Take the strategy employed by memory athletes to memorize decks of cards and thousands of digits of pi, and adapt it to get over stranger-name forgetfulness.
You’re at a social function — it could be a work-related meeting, a friend’s birthday, a community function — and you start talking to a stranger. The two of you chat for a while, but as the conversation winds down, the other person calls you by name and then says, “It was great to meet you.”
That’s when you realize you have no idea what their name is — and they told you just minutes ago.
How often has this happened to you? And what’s a person to do?
It seems you’ve got three main options: 1) mask the awkwardness by responding with an over-enthusiastic “So great!” or an overly toothy grin; 2) limit yourself to events where name tags are mandatory; or 3) shun society and embark on life as a recluse.
Recognize that you probably don’t have a problem.
That’s right: You don’t. For most people, “there’s no such thing as a good or bad memory,” says Horsley, an International Grand Master of Memory based in South Africa. “There’s only a good or bad memory strategy.”
According to Horsley, your problem is most likely plain and simple distraction. Think back to the last time that someone’s name went in one ear and out the other. Were you in an unfamiliar space, and was there also unfamiliar music, furnishings or people? Were you in a situation where you really wanted or needed to make a good impression? And were you worried about who you would talk to or what you would talk about? With so much external stimuli and internal stress, it’s not surprising that your attention became fragmented.
Change your strategy.
Rote memorization — repeating things over and over until we retain them — is what many of us are taught to do in school, but it doesn’t work well for everyone. Growing up, Kilov found it “dull, impersonal and effective.” He admits, “I didn’t have a good memory in school.” Then, Kilov contacted memory champion Tansel Ali and after a few months of practice and coaching, he placed second in the Australian Memory Championships (just behind Ali). All he needed were different techniques, and today he can memorize a shuffled deck of cards in less than two minutes.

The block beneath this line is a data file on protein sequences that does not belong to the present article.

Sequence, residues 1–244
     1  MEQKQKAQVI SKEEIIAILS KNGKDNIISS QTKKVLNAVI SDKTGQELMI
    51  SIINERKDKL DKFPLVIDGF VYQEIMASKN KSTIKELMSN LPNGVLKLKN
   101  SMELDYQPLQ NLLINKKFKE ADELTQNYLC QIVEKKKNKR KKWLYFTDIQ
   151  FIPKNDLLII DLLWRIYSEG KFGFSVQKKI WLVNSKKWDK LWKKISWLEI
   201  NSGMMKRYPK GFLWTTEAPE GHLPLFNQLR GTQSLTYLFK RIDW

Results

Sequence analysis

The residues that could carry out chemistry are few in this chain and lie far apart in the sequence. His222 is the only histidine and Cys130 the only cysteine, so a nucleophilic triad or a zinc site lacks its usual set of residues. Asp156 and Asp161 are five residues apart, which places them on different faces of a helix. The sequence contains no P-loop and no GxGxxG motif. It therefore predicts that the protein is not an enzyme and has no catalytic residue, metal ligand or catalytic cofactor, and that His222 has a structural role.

The primary approach used by memory champions like Horsley and Kilov is to make compelling associations that stick in the mind like a TV commercial jingle. They do this by linking the information they want to remember to people, characters or things they’re already familiar with.
Take the following as an example. First, picture the Sydney Opera House. Inside, author Toni Morrison is playing the bagpipes and wearing a Scottish kilt. Next, out in the harbor, Malcolm X is driving a speedboat and making his only passenger, a bull, seasick by turning the craft around in circles. Nearby, Tony the Tiger is walking across the Sydney Harbour Bridge, and he’s dressed in monk’s robes. Now close your eyes and make these images as vivid as possible in your mind.
Congratulations, you’ve just learned, in order, the names of the three most recent Australian Prime Ministers: Scott Morrison, Malcolm Turnbull and Tony Abbott. (Editor’s note: This may not be so exciting for Australian readers.) Please know that this strategy works best when you follow your own personal interests. Perhaps the best way for you to remember the name “Scott Morrison” is by picturing a Scottish terrier chasing the Doors’ Jim Morrison.
Make your connections as entertaining as possible.
The more vivid and the more personal your imagery, the likelier it is to stay in your mind. While creating mental pictures may seem like a childish exercise, no one will be able to see what’s going on in your brain (yet). And, as Horsley points out, there’s a good reason that children pick things up so quickly. Think about how kids first learn about a puddle. “What does that child do with that puddle?” he asks. “They jump in, they experience the moment, and they have a little fun.”
Incorporate the person’s face into your imagery.
When you use this technique with people you meet, make sure their face is part of your mental picture. The easiest way to do this is to place them at the very center of your tableau. This is important: Otherwise, you’ll recall their name but have no person to tie it to.
This approach can work for names with less obvious association, and that will also give you a chance to flex your creativity. Let’s say you meet someone named Hasiba Aziz. For her, you could envision a laughing zebra sitting next to snoring donkey (Ha + Zebra + Ass + Zzzzzs).
And just remember (ha!): There is no shame in asking someone to repeat their name.
If, at the end of the conversation, you find you can’t recall the other person’s name, say, “I’m so sorry, but I’m a little distracted by the music/chatter/crowd/etc. Can you tell me your name again?” Then, try to create your image association for them before you start talking to the next person.
Watch Kevin Horsley’s TEDxPretoria talk here:
Watch Daniel Kilov’s TEDxMacquarieUniversity talk here: